20 Feb Are You Equipped For Success?
Recently one of our expert trainers Lefki Angeli offered insight to a conversation she had with a CEO that once again brought some interesting questions to the forefront with regards to our organisations and our people, making us stop for a moment to ask if we are indeed equipped to bring the desired results for our organisations.
Lefki shared: I recently met a CEO who was disappointed with the overall results of his organisation. When he started the company, he had grand expectations but was now confused by the poor progress made. He told me;
“I hire smart, dedicated and hard-working people to manage my teams; the industry’s finest to train them on the technical aspects of the job; I invest in the best technologies and provide good benefits. What else can I do?”
This is a frequent question asked by leaders who, like this CEO, assume that graduating from a great university, high IQ, experience, and technical skills, equip managers to drive organisational success. Unfortunately, although these aspects are important and a solid basis, alone, they are not enough, especially for success at higher ranked levels. What’s missing? A type of intelligence that is just as important but largely overlooked and underdeveloped in the workplace, that is Emotional intelligence (EQ), the ability to identify and manage your own and others’ emotions. As extensive research substantiates, EQ is comprised of competencies that are paramount to success. For over two decades research has looked at criteria for success and outstanding performance in business, (and elsewhere) and the results concur that EQ Is a key proponent of success, while a lack of this is often detrimental.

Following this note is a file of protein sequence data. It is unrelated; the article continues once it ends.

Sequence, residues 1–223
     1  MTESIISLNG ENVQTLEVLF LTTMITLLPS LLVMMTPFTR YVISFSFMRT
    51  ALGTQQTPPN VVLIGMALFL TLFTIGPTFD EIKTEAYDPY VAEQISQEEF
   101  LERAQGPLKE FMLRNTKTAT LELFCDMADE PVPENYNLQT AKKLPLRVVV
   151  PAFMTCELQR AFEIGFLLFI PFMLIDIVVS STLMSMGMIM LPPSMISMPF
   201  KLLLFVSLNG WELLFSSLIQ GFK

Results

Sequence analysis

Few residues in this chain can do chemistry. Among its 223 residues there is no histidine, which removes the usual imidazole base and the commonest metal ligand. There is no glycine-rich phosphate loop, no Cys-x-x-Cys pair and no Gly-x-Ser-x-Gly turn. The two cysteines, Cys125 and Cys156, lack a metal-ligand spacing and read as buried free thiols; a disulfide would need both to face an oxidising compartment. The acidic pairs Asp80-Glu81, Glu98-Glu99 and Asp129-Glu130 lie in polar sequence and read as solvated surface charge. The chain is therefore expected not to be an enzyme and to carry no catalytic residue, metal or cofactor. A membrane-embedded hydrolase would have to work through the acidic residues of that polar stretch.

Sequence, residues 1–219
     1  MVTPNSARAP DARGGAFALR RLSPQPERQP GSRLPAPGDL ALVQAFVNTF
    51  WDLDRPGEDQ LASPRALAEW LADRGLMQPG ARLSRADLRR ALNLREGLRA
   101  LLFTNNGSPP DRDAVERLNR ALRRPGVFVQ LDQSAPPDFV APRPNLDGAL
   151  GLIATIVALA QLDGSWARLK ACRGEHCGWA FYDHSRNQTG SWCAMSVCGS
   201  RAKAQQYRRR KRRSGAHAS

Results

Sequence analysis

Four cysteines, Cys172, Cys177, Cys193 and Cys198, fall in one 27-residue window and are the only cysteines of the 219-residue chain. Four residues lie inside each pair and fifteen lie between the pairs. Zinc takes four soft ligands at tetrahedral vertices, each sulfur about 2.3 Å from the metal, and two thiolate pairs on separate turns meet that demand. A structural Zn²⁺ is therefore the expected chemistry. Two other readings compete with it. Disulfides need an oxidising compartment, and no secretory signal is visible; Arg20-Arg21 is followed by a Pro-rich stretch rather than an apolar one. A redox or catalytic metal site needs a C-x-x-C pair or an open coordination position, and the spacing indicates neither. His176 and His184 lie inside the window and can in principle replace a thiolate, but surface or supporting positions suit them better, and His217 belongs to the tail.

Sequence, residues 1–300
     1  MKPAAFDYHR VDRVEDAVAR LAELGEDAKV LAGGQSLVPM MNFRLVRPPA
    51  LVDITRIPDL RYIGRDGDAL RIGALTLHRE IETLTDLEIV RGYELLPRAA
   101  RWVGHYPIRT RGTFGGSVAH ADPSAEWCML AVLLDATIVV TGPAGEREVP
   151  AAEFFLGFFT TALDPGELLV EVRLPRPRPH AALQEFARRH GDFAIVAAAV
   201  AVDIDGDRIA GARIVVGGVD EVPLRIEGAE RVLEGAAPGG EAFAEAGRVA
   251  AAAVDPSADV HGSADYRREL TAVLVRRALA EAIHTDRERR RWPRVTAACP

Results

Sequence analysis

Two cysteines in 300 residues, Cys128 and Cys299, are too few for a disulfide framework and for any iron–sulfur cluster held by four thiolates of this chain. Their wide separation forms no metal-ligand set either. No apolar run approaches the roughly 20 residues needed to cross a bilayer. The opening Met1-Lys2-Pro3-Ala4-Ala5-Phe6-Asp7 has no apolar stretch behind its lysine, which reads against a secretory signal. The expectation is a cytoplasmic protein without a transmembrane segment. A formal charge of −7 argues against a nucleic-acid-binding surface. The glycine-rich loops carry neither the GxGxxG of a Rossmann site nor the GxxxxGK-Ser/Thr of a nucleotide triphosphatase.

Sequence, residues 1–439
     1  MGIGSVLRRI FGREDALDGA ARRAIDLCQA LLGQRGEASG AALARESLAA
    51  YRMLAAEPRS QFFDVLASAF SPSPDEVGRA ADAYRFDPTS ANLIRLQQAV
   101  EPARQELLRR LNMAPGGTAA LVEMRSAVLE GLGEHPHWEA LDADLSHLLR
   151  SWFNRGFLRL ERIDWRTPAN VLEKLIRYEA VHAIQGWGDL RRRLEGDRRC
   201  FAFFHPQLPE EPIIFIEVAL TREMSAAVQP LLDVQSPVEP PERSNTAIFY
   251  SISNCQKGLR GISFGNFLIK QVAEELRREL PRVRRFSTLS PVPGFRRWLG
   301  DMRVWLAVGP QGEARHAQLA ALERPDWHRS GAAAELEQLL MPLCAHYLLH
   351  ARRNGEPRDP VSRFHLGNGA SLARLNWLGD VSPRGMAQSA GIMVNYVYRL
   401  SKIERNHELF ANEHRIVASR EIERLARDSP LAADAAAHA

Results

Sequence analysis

Research by the Center for Creative Leadership, for example, concluded that the primary causes of executive derailment, (failure of individuals at executive-levels) involve deficits in EQ ability. The top three of these are difficulty in handling change; inability to work well in a team and poor interpersonal relations. (www.eiconsortium.org)
Conversely, a study which looked at outstanding performance among engineers, concluded that four of the top six factors that differentiate the best engineers, including the top two, relate to the following EQ competencies; strong achievement drive and high achievement standards; influence; initiative and confidence. (Search Inside Yourself Chade-Meng Tan 1994)
And many other studies substantiate indisputable links between EQ and success in workplace performance and professional development, as well as many other aspects of life including academic performance, interpersonal relationships and even health, personal satisfaction and happiness.
So, success, requires a balanced blend of EQ as well as IQ and technical skill, so that leaders not only understand the business but also know how to engage, motivate and develop people and relationships. Looking at the four competencies of EQ in the table above and the skills that fall within these with the above-mentioned CEO, it become clear to him what was missing. And the good news is that EQ can be developed and improved. So, ask yourself, are you equipped for success?
Explore more through Lefki’s enlightening and practical workshops
Refining Leadership Thinking of Managers | 14 March | More information
Developing and Managing High Performing Teams | 16 April | More information
Training Skills for Managers | 17 May | More information
Communication, Sharing Information and Feedback | 5 June | More information
eimf Bite Sized: Managing Disagreements in the Workplace | 10 July | More information